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Take Fear, for example. You might expect him to simply freak out about stuff all the time. Instead, though, his purpose is more three-dimensional. He watches out for possible hazards, and he analyzes situations to find all possible outcomes (but of course he often finds the worst possible ones, which is quite funny).

In this way, each of the main five characters is more than just their name. Each one is made up of multiple smaller traits that are related to whatever emotion they personify. Take Anger — he doesn’t just blow up for no reason. He’s the voice of justice and tries his best to prevent Riley from being treated unfairly. (This observation didn’t really occur to me until I listened to someone else talk about the film, but since I thought it a good one, I thought I should include it here.)

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So yes, the characters are definitely not one-note, and they’re all great. Even Disgust, who I didn’t expect to like too much, was an interesting and even funny character. Fear was great. Anger was hysterical.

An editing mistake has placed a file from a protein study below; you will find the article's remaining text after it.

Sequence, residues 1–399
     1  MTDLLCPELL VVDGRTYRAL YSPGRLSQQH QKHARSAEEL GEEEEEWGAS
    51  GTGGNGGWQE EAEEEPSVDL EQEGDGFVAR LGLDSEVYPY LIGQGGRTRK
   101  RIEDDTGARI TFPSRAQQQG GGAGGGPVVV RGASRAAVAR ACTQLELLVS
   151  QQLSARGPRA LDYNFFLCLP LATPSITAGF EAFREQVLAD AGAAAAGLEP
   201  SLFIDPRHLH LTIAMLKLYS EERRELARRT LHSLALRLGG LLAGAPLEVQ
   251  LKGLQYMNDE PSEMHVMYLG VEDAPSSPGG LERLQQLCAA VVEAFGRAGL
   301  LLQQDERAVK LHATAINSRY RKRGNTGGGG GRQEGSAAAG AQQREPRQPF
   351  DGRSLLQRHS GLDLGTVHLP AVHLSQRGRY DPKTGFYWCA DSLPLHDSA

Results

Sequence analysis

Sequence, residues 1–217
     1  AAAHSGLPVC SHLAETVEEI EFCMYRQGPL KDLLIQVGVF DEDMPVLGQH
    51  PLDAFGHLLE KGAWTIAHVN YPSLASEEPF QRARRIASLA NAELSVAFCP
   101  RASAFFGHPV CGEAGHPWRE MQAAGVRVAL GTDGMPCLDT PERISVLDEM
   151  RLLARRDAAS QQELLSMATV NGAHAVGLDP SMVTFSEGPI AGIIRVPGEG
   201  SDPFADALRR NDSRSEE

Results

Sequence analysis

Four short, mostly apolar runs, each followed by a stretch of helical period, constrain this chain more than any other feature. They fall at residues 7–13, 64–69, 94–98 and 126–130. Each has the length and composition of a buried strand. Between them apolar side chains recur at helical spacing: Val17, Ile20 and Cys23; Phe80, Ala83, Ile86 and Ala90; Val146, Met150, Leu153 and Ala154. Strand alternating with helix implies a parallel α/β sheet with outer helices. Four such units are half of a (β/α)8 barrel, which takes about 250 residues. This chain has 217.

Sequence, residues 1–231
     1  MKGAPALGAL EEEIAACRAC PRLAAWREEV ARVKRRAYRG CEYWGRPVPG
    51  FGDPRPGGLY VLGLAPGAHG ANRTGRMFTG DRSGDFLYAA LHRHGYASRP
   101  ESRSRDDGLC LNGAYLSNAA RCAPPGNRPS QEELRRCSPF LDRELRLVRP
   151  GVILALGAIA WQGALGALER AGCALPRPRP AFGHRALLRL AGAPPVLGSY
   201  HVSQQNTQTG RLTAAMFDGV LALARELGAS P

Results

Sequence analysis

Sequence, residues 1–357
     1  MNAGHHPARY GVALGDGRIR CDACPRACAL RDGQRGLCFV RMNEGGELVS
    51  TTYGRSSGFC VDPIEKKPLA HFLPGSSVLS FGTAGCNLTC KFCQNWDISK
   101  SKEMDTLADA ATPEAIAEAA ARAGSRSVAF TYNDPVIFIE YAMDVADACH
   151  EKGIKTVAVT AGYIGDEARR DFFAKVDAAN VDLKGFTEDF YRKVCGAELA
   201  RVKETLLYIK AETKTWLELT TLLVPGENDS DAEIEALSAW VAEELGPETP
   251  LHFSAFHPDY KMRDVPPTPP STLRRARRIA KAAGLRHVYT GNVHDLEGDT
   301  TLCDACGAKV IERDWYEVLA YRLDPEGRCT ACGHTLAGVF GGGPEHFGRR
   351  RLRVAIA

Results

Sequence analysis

But the real stars of the show are the polar opposites: Joy and Sadness.

INSIDE OUT – Pictured: Joy. ©2015 Disney•Pixar. All Rights Reserved.

Joy is, well, a joy to watch. As you’d expect, she’s upbeat, spunky, perky, always looking on the bright side. She’s the girl in charge of Riley’s inner life, responsible for the majority of the emotions Riley has experienced ever since she was an infant. I found it quite interesting that the other emotions understood that Joy was in charge and respected her for that. I was expecting all of the characters to constantly be vying for control, which happened occasionally, but not nearly as much as I was expecting, which made the film more interesting to me.

And then there’s Sadness. Joy doesn’t really understand her, for obvious reasons, and even tries to keep her away from the control board. But when both of them are whisked away on their adventure to recover the core memories, something amazing happens. Well, technically, many amazing things happen, but I’m talking specifically about the overall arc. Because in the end, it’s Sadness who turns out to be the real hero of the story.

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This is the film’s most prominent message, and I thought it was ingenious and beautiful. Riley has lived most of her life quite happily, thanks to Joy. But when her family moves to a different city and a completely different life, Riley’s inner life begins to crumble. Joy tries to keep sadness from ruining everything, but as it turns out, Sadness shouldn’t be pushed away. Sadness is actually essential to Riley’s well-being.